Apple's newest iteration of their desktop operating system is coming mid-year, but we got a chance to play around with the developer beta to see some of the new features coming to Mac OS X. Here's what you can expect.
The main goal of Mac OS 10.7 Lion is to bring iOS-like features—particularly touch-based features—to the desktop. After some time with the upcoming OS, we can verify that it certainly does that, but it also adds a few other neat features—both for beginners and advanced users—to the desktop OS.
Below we'll walk through the new features and all the iOS-ified interface updates. Click any of the screenshots for a closer look.
Apart from the iOS-style tweaks we knew were included, Lion actually has some pretty great new features coming. Here are a few of our favourites.
Full Disk Encryption
FileVault can now encrypt an entire disk, which is more secure than its current implementation. It even asks you if you want to encrypt your drive as soon as you install OS X—which we've learned is one of the only ways to keep an SSD secure. And, seeing that Apple's really starting to push SSD usage, it's nice to know they're thinking about it (incedentally, Lion also contains TRIM support, to keep those SSDs running in tip-top shape).
AirDrop is a cool new feature of the Finder that makes it really simple to share files between computers. Before, this was a somewhat confusing and frustrating process, but now you just open up Finder, see all the nearby computers with AirDrop enabled, and you can send them files just by dragging them onto their icon. AirDrop will create an ad-hoc Wi-Fi network between the two computers and transfer the files for you—fantastic for less tech-savvy users that don't know how to share files with someone sitting next to them.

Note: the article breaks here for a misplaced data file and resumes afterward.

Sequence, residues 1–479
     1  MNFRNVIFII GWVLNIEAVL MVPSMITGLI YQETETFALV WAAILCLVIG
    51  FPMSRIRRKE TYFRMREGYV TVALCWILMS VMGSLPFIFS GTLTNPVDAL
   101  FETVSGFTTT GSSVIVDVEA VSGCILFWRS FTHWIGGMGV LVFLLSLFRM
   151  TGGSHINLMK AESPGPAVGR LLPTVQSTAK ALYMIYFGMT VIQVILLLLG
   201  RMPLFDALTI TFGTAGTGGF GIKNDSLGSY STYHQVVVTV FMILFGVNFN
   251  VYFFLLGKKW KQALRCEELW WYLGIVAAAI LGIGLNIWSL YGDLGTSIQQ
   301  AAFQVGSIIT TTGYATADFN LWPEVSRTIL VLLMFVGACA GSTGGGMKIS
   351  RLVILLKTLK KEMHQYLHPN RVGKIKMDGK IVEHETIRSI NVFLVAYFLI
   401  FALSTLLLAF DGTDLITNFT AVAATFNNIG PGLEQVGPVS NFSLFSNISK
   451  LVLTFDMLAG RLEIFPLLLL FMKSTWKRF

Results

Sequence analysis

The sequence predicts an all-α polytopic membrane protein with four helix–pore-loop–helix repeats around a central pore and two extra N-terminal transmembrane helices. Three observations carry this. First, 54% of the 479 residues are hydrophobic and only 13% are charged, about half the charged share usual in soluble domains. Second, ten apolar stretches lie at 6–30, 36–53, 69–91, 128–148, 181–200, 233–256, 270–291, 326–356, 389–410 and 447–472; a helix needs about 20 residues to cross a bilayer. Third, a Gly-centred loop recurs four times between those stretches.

Built-In Version Control
One of my favourite new features is built-in version control, which lets you roll back to previous versions of a file, just like in Time Machine. Every time you save a document, it saves a new version of it. If you want to revert (or just review) an old version of the file, you can hit a button and enter a Time-Machine like view of the file's history, which is really, really great.
Another really nice feature is session saving. When you shut down your computer, you can choose to save your session, so when you turn your computer back on, it restores all your windows, exactly as they were when you shut down. Of course, if you're on a MacBook, you can always achieve a very similar result by just closing the lid of your computer, but it's nice to have this feature for desktops, too. Similarly, when you quit an app, it will resume to the same state you left it when you restart it, which is new (and pretty convenient) for both laptop and desktop users.
The interface is not unlike what you've come to expect from OS X. There are a few changes here and there (it looks like Apple's really going through with these monochrome icons they gave us in iTunes 10), but it won't shock you right off the bat—at least for most apps. Once you start using the desktop features, though, you'll notice some pretty big changes.
This is one of the features we knew was coming to Lion: an iOS-style application launcher. You can still browse applications in the Finder, but if you hit the Launchpad icon in your dock, it presents them in a nicer way. That's pretty much it. It's full screen, which means you can fit more apps on the screen and do less scrolling, which I suppose is nice, but I'm not sure why it's that necessary. You'll also notice that it displays folders in the /Applications folder like folders on iOS. Again, pretty, but not super exciting.